Plaintiff asserts that since at least April 2005, Aetna had been telling investors that it practices "disciplined pricing," i.e., achieves premium yields in line with medical cost trends or increases in premiums at the same percentage as medical costs are increasing. Plaintiff cites numerous examples of defendants' statements in which they describe this "disciplined pricing" practice throughout the class period which are described in detail below.

By December 30, 2005, plaintiff alleges that Aetna's share price had climbed to a split-adjusted closing price of $47.07 per share and stood at a closing price of $48.61 per share as the month of February 2006 opened.*fn3 On February 9, 2006, plaintiff alleges that Aetna announced its results for Q4 2005. At that time, Aetna stated that operating earnings, excluding prior-period favorable reserve development, were $1.26 per share, an increase of 38% compared to the prior-year quarter, and that "[t]he increase in operating earnings reflect[ed] a 14 percent increase in revenue from strong membership growth, as well as strong underwriting results and continued general and administrative expense efficiencies." Plaintiff asserts that, in its earnings release, Aetna reported a Commercial Risk MCR of 76.8% in Q4 2005, compared to 77.6% in Q4 2004.

During Aetna's February 9, 2006 conference call, plaintiff alleges that defendants Williams and Rowe both emphasized that Aetna continued to adhere to its pricing discipline. Plaintiff alleges that the market reacted favorably to this information; Aetna's shares, which had closed on February 8, 2006 at $47.98 per share, reached $52.48 per share by February 23, 2006.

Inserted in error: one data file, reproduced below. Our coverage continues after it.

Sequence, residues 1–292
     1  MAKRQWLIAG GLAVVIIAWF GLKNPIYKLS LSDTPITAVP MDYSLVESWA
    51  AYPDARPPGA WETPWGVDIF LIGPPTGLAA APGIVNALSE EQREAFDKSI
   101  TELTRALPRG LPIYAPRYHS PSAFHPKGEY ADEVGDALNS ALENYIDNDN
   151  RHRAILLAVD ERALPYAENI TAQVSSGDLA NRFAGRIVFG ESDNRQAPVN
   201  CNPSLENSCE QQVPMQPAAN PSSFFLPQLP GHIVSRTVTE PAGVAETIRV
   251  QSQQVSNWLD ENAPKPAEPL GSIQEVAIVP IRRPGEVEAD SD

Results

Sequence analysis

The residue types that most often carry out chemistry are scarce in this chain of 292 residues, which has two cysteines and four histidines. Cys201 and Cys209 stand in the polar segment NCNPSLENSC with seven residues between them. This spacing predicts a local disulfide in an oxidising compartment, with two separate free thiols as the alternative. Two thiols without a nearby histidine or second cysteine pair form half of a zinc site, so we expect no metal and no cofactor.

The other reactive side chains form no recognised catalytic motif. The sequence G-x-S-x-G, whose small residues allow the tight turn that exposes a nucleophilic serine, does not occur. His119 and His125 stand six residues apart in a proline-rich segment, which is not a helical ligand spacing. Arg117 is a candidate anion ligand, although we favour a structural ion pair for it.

Plaintiff asserts that, starting no later than September 2005, about one month prior to the October 27, 2005 Q3 earnings release, defendants concealed from investors that Aetna had begun charging too little for its health insurance products for the purpose of boosting Aetna's membership rosters. As reflected in a Reuters article dated April 27, 2006, FTN Midwest Securities conducted a survey that analyzed pricing by Aetna and plaintiff alleges that it demonstrated that Aetna aggressively under-priced the market to bring in new business. The Reuters article states:

AGGRESSIVE PRICING?

HMOs have posted high profits even amid rapid medical cost inflation by jacking up their premiums. Now, pricing competition among the top players remains a worry, particularly at Aetna. FTN Midwest Securities published a survey last year which showed that despite steady increases in its premiums, Aetna most aggressively underpriced its peers to bring in new corporate business. "We believed Aetna is the most aggressive pricer in the marketplace, and it appears from this quarter, they are," FTN Midwest analyst Peter Costa, who has a "neutral" rating on the stock, said. Costa also noted financial results from Wellpoint and UnitedHealth Group Inc. [both Aetna competitors], bear that out, as they both had weaker-than-expected commercial membership. Membership in Aetna's health plans rose to 15.4 million, up 663,000 members.

Plaintiff asserts that FTN's survey documents that Aetna's under-pricing began in September.*fn4

Plaintiff asserts that, according to an article appearing in Barron's Online dated August 21, 2006, Aetna began under-pricing its plans in September 2005. The article states:

[Peter] Costa . . . [, an analyst who covers Aetna for FTN Midwest Securities,] says that, based on interviews last September with benefit consultants and insurance brokers, "we concluded that Aetna was being the most aggressive in pricing" the national accounts, each of which covers at least 3,000 people. After Aetna's stock blew up [in April 2006], "we found they were being less aggressive," he notes.